Amaurosis can occur following carotid or especially selective vertebral arteriography. It is almost always transitory (4 to 48 hours).
A dose of 8 mL to 12 mL injected at a rate not exceeding the normal flow in the carotid artery (about 5 mL per second) is suggested. The dose may be repeated as indicated; however, an increased risk attends each repeat injection. Children require a smaller dose in proportion to weight. Light anesthesia may be required in these procedures.
HYPAQUE meglumine 60 percent may be administered for peripheral arteriography and for venography.
See PRECAUTIONS—General. Extreme caution is advised in considering peripheral arteriography in patients suspected of having thromboangiitis obliterans (Buergers disease) since any procedure (even insertion of a needle or catheter) may induce a severe arterial or venous spasm. Caution is also advisable in patients with severe ischemia associated with ascending infection.
See ADVERSE REACTIONS—General. Soreness in extremities has also been reported.
Adverse reactions observed during peripheral arteriography may sometimes be due to arterial trauma during the procedure (ie, insertion of needle or catheter, subintimal injection, perforation) as well as to the hypertonicity or effect of the medium. Reported adverse reactions include transient arterial spasm, extravasation, hemorrhage, hematoma formation with tamponade, injury to nerves in close proximity to artery, thrombosis, dissecting aneurysm, arteriovenous fistula (eg, with accidental perforation of femoral artery and vein during the needing), and transient leg pain from contraction of calf muscles in femoral arteriography. Transient hypotension has been reported after intra-arterial (brachial) injection of the medium. Also, brachial plexus injury has been reported with axillary artery injections.
During venography in the presence of venous stasis, inflammatory changes and thrombosis may occur. Thrombosis is rare if the vein is irrigated following the injection.
Diagnostic arteriograms may be obtained with 20 mL to 40 mL of HYPAQUE meglumine 60 percent introduced into the larger peripheral arteries by percutaneous or operative methods. Visualization of veins in the extremities may be accomplished with 10 mL to 20 mL.
Percutaneous transhepatic cholangiography is contraindicated in patients with coagulation defects and prolonged prothrombin times until normal, or near normal, coagulation is achieved (eg, with vitamin K).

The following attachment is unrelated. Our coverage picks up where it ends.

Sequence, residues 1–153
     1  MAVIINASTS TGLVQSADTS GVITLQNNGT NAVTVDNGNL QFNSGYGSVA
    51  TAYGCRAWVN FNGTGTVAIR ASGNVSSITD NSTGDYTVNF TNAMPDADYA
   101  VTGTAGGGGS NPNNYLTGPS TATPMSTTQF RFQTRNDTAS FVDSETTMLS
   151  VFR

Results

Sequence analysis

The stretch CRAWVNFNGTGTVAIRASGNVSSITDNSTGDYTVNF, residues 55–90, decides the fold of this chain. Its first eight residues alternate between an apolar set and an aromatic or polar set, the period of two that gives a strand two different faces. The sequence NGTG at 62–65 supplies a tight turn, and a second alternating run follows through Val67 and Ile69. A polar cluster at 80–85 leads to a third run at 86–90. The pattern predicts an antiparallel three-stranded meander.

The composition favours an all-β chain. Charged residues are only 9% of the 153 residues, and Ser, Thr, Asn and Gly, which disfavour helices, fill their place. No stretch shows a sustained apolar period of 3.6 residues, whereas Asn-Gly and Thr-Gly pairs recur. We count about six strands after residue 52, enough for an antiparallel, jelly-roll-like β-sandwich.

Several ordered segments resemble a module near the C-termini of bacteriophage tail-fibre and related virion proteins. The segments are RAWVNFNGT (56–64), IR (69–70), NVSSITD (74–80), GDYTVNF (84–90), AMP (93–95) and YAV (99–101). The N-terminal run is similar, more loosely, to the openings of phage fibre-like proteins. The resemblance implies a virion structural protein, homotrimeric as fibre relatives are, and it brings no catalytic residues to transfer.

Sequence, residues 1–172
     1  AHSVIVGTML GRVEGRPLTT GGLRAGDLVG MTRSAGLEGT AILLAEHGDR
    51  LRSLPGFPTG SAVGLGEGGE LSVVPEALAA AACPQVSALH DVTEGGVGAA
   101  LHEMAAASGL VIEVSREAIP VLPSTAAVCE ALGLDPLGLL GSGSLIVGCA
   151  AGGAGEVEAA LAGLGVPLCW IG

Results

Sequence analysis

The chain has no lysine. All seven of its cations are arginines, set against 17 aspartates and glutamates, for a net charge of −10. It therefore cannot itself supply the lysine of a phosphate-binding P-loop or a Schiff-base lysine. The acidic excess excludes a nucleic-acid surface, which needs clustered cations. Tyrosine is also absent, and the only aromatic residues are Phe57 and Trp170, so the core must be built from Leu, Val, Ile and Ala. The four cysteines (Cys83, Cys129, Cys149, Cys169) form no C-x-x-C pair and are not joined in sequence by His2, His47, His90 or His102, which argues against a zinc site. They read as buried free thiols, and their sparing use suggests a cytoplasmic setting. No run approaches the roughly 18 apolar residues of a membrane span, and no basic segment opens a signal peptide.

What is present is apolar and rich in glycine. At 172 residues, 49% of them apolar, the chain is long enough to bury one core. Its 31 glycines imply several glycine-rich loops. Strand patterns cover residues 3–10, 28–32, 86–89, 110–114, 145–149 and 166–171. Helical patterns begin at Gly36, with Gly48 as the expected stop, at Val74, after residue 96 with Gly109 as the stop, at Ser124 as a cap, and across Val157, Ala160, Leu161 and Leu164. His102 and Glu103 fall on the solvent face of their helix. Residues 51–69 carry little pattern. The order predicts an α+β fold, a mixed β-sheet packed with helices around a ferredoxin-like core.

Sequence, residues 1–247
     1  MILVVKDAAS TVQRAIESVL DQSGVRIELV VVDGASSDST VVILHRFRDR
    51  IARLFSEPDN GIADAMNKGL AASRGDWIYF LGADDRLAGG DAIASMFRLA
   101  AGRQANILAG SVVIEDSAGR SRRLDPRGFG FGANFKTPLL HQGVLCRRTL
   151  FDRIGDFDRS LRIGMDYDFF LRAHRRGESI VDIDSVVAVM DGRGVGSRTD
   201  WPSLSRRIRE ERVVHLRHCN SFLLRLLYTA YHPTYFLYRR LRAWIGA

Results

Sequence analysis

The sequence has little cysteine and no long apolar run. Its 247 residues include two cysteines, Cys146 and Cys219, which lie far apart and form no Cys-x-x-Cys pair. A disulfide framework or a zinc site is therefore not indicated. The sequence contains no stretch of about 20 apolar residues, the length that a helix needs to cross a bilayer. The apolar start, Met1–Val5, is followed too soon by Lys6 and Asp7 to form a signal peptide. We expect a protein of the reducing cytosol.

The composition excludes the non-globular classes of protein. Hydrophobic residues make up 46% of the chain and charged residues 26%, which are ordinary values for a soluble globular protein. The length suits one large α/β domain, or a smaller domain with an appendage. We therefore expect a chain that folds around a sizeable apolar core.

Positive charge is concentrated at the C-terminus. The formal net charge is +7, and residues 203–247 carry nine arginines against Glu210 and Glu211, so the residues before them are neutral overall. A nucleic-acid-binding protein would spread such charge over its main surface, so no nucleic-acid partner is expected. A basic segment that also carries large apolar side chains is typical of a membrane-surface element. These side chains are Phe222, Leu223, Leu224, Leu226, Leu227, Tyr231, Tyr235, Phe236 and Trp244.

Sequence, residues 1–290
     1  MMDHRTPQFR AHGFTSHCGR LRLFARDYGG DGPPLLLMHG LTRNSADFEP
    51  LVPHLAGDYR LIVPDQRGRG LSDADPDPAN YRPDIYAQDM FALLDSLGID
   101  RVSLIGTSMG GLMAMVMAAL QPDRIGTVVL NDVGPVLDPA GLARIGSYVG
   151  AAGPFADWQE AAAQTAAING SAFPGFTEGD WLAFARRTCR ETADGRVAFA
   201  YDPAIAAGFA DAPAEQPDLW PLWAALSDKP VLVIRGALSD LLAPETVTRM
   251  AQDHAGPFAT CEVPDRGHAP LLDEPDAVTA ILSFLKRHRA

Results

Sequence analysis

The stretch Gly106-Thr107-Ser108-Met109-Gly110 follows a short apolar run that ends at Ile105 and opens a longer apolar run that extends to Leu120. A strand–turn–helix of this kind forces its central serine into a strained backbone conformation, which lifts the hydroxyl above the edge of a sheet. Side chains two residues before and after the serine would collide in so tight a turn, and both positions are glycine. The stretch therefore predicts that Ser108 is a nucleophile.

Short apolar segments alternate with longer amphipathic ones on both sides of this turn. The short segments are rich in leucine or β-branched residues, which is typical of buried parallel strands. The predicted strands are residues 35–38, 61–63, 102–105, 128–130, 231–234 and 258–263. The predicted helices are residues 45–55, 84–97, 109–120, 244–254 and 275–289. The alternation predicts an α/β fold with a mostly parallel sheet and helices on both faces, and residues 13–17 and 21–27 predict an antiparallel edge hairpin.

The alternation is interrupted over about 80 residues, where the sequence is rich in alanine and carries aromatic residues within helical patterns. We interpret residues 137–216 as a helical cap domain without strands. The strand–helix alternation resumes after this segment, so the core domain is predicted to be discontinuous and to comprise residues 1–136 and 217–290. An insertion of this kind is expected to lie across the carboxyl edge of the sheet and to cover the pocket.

In the presence of acute pancreatitis, direct cholangiography, if necessary, should be employed with caution, injecting no more than 5 mL to 10 mL without undue pressure.
Percutaneous transhepatic cholangiography should only be attempted when compatible blood for potential transfusions is in readiness and emergency surgical measures are available. The patient should be carefully monitored for at least 24 hours to insure prompt detection of bile leakage and hemorrhage. Cholespastic premedication, as with morphine, should be avoided. Respiratory movements should be controlled during introduction of the needle.
Adverse reactions may often be attributed to injection pressure or excessive volume of the medium, resulting in overdistention. Such pressure may produce a sensation of epigastric fullness, followed by moderate pain in the back or right upper abdominal quadrant, which will subside when injection is stopped.
Hepatobiliary reflux of the medium may cause a pancholangitis or hepatitis which is usually transitory. Retrograde spread of the infection may produce liver abscess or septicemia. Pancreatic duct reflux may cause a transitory increase in serum amylase for a period of 6 to 18 hours without ill effects. Rarely it may cause pancreatitis.
In percutaneous transhepatic cholangiography, some discomfort is common, but severe pain is unusual. Complications of the procedure are often serious and have been reported in four to six percent of patients. These reactions have included bile leakage and peritonitis, which are more likely to occur in patients with obstructions that cause unrelieved high biliary pressure. Bleeding (sometimes massive with exsanguination) may occur, especially in patients with clotting abnormalities. Blood-bile fistula, manifested by an early urogram (within 2 minutes) has been reported. Hypotension with fever and chills, as manifestations of septicemia, have occurred. Tension pneumothorax, cholangitis, and bacteremia have been reported.